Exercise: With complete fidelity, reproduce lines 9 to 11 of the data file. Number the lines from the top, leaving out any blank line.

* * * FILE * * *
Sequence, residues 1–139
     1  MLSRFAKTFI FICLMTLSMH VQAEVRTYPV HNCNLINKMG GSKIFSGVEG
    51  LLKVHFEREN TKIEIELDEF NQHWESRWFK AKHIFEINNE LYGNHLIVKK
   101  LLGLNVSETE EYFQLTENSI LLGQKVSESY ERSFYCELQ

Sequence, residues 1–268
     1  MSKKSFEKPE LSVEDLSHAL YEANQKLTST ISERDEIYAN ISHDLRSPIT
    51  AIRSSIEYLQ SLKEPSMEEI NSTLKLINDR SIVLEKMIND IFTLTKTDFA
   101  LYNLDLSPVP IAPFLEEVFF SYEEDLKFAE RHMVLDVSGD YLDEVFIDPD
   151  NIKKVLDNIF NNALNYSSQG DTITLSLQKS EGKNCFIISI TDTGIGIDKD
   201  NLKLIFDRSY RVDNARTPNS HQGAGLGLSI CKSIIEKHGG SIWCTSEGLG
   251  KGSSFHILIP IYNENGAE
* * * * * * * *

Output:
   151  NIKKVLDNIF NNALNYSSQG DTITLSLQKS EGKNCFIISI TDTGIGIDKD
   201  NLKLIFDRSY RVDNARTPNS HQGAGLGLSI CKSIIEKHGG SIWCTSEGLG
   251  KGSSFHILIP IYNENGAE